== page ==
This morning, the European Commission released a Proposal for a Regulation addressing the EU’s cybersecurity industry as part of its next step towards a Digital Single Market, which is the EU’s strategy to ensure fair competition, consumer and data protection, and removal of copyright and geo-blocking issues for individuals participating in online activities and

Is your organization ready for the new EU General Data Protection Regulation?

On May 25, 2018, the EU General Data Protection Regulation (“GDPR”) will impose significant new obligations on all U.S. companies that handle personal data of any EU individual. U.S. companies can be fined up to €20 million or 4% of their global annual

Yesterday, organizations around the world were hit by yet another ransomware attack.  Similar to the recent WannaCry attacks, the Petya attack works to encrypt documents and files and subsequently demands a ransom to unlock them.  Unlike WannaCry, it is believed that the Petya attack spreads internally through an organization (rather than across the Internet) using

On June 13, 2017, the Department of Homeland Security published an alert regarding malicious cyber activity by the North Korean government, known as Hidden Cobra.  Per the DHS and FBI, Hidden Cobra uses cyber operations to the government and military’s advantage by exfiltrating data and causing disruptive cyber intrusions.  Potential impacts of a Hidden Cobra

shutterstock_506771554Another week, another well-concocted phishing scam.  The most recent fraudulent activity targeted businesses that use Workday, though this is not a breach or vulnerability in Workday itself.  Specifically, the attack involves a well-crafted spam email that is sent to employees purporting to be from the CFO, CEO, or Head of HR or similar.   Sometimes the

Natalya Northrip and Emily Dorner will be presenting on two interesting eDiscovery topics this April; presentations will focus on litigation hold maintenance and best practices, as well as recordkeeping for human resources professionals.  Presentations will take place on April 6, and April 26, respectively.  Summaries of presentation content and links to sign up are provided

In an interesting decision regarding the spoliation of evidence via a mobile device, Magistrate Judge Terry F. Moorer determined that the newly amended Federal Rule 37(e) – enacted on December 1, 2015 – did not apply to the spoliation case, as the case was filed prior to the rule’s enactment.  (Morrison v. Charles J. Veale, M.D., P.C., 2017 BL 21478, M.D. Ala., No. 3:14-cv-1020-TFM, 1/25/17).

Karla Morrison, a former employee of the medical practice Charles J. Veale, M.D., P.C. sued her employer in October of 2014 alleging that the practice violated the Fair Labor Standards Act.  Following the close of discovery in August of 2016, the defendant filed a motion for sanctions for spoliation of evidence alleging that Morrison logged into her office email account after her termination and deleted emails from the account.  The defendant bolstered this argument by alleging that Morrison added 2-step verification to her log-in process in April 2015 – almost 6 months after her termination.  Morrison admitted to accessing her office email days after her termination to “close out” items, but denied any further use of the account.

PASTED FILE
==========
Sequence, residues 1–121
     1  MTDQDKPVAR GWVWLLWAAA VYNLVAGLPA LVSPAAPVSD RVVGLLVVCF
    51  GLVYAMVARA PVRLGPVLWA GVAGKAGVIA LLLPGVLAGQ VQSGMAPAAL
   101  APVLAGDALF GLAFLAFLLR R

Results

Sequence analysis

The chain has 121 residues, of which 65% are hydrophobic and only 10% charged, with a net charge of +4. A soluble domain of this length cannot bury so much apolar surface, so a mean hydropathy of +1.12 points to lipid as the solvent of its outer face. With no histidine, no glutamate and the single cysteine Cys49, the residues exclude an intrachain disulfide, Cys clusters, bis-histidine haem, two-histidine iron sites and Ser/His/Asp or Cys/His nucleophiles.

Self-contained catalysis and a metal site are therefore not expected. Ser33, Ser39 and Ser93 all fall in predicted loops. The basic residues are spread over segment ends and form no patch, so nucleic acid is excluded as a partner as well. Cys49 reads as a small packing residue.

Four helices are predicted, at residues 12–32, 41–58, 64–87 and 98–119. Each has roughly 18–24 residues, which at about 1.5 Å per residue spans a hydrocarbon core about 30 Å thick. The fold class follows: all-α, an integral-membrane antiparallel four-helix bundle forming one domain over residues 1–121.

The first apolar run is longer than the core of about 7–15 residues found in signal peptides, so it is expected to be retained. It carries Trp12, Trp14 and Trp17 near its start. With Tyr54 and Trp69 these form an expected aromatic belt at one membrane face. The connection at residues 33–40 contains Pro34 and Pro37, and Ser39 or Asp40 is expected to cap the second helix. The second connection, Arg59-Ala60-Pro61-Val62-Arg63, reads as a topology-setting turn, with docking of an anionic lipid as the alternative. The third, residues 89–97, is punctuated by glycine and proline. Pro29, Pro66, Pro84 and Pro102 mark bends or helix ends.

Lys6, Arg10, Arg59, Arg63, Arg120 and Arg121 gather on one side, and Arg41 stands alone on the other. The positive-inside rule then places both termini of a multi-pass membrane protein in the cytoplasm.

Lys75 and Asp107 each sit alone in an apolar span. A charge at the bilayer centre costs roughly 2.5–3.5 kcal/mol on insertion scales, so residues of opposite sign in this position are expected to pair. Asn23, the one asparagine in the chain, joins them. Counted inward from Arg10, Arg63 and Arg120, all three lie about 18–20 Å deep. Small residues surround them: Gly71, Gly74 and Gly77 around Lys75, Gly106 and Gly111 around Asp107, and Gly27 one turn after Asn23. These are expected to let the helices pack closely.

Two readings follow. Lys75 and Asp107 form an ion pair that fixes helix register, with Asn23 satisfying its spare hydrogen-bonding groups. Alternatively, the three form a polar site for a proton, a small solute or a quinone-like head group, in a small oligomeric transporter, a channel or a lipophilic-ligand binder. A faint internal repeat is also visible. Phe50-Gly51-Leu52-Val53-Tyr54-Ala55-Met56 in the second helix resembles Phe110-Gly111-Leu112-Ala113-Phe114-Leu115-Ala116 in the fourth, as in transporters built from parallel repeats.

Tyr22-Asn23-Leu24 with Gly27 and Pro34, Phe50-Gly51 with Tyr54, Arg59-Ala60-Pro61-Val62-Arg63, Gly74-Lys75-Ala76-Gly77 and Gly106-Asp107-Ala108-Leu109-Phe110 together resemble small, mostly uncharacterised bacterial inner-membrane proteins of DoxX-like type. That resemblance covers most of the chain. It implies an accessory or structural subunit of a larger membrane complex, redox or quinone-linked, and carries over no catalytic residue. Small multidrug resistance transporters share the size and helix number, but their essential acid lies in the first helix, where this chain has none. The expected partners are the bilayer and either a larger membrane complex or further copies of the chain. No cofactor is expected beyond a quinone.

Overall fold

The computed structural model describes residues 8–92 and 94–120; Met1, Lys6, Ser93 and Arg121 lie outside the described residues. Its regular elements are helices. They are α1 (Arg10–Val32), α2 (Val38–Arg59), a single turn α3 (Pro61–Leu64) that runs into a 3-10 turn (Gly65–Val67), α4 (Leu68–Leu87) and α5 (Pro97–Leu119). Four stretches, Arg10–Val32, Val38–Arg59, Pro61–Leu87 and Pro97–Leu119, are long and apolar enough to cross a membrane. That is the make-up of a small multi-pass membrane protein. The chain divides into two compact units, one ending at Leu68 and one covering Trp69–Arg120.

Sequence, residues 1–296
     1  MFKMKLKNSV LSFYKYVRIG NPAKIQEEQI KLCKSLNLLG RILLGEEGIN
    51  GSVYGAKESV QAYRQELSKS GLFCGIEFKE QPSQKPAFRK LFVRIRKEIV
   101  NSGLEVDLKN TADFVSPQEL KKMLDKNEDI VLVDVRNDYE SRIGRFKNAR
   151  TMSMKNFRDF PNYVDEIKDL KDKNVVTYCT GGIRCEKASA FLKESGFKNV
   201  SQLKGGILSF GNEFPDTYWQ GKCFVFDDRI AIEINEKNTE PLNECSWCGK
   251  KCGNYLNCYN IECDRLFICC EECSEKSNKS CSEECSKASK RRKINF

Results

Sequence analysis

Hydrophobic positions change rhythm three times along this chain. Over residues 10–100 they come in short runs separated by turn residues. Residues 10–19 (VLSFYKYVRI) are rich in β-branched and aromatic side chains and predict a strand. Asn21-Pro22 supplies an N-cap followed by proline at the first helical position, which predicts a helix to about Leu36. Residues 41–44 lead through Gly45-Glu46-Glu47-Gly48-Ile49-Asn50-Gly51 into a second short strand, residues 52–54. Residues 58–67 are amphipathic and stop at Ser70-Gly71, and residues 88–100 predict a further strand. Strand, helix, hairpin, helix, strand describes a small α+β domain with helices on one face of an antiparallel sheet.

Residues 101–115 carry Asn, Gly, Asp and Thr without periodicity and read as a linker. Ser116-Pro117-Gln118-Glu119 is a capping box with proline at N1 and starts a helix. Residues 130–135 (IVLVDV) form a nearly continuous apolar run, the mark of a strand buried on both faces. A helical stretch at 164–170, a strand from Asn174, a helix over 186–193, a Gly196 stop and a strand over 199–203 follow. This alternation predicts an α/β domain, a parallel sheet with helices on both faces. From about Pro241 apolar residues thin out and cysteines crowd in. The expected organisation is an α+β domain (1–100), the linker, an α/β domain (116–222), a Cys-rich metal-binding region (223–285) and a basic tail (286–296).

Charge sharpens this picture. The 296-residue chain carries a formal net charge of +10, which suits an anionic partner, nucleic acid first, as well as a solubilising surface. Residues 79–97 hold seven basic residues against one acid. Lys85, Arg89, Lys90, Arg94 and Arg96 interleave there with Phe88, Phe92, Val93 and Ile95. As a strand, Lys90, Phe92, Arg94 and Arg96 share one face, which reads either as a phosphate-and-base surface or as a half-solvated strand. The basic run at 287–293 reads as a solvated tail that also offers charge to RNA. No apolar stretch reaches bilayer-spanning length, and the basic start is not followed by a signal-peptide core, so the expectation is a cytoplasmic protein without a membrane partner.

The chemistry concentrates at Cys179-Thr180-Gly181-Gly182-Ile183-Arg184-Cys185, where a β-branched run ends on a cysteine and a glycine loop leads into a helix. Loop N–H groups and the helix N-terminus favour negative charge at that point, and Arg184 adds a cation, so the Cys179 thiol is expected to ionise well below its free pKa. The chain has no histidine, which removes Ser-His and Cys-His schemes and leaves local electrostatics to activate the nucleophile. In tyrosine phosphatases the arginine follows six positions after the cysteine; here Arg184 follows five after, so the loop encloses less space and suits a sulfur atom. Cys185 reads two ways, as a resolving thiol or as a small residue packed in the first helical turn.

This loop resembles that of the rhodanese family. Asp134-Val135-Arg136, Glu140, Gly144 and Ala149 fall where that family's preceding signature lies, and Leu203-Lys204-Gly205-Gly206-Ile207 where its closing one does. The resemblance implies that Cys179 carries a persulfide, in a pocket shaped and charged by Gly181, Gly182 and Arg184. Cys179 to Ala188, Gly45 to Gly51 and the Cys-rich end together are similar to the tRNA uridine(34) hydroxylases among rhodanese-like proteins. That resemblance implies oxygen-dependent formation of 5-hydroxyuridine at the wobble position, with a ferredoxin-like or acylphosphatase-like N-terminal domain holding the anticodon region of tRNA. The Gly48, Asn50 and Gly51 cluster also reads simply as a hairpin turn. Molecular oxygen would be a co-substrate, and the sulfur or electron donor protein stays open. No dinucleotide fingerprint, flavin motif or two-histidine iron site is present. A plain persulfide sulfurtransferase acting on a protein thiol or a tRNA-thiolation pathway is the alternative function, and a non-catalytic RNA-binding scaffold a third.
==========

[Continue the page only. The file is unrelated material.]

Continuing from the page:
For those unfamiliar, 2-step verification is an additional security measure that confirms a user’s identity through two components, usually a password followed by a code sent to a personal device, for example.  When in place, it adds an additional level of security to an account, thus making it less susceptible to hacking. 
Continue Reading Interesting Sanctions Analysis Applies “Old” Bad Faith Standard Post-December 2015 Amendments

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At the end of September, the U.S. the U.S. District Court for the District of Kansas held that a warrant for an entire email mailbox did not violate the parameters of the Fourth Amendment in In re Microsoft Corp., 2016 BL 320715, D. Kan., No. 16-MJ-8036, 9/28/16.  Here, the court looked to balance an individual’s right to privacy and the government’s capability to effectively prosecute suspected criminals.

Continue Reading Fourth Amendment, Stored Communications Act Allow for Collection of Entire Personal Email Account

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In Moore v. Lowe’s Home Centers, LLC, Case No. 14-01459 (W.D. Wash., June 24, 2016), plaintiff Marla Moore brought a Motion for Sanctions for Defendant Lowe’s Home Centers’ willful spoliation of evidence.  In short, Plaintiff claimed she was the target of verbal harassment, a hostile work environment, and was demoted as a result of her pregnancy.  The Plaintiff was ultimately terminated for violation of the Defendant’s photo copying policy.

Plaintiff’s sanctions motion stemmed from Defendant’s deletion of Plaintiff’s email account following her termination. 
Continue Reading Duty to Preserve Not Triggered by Employee Complaints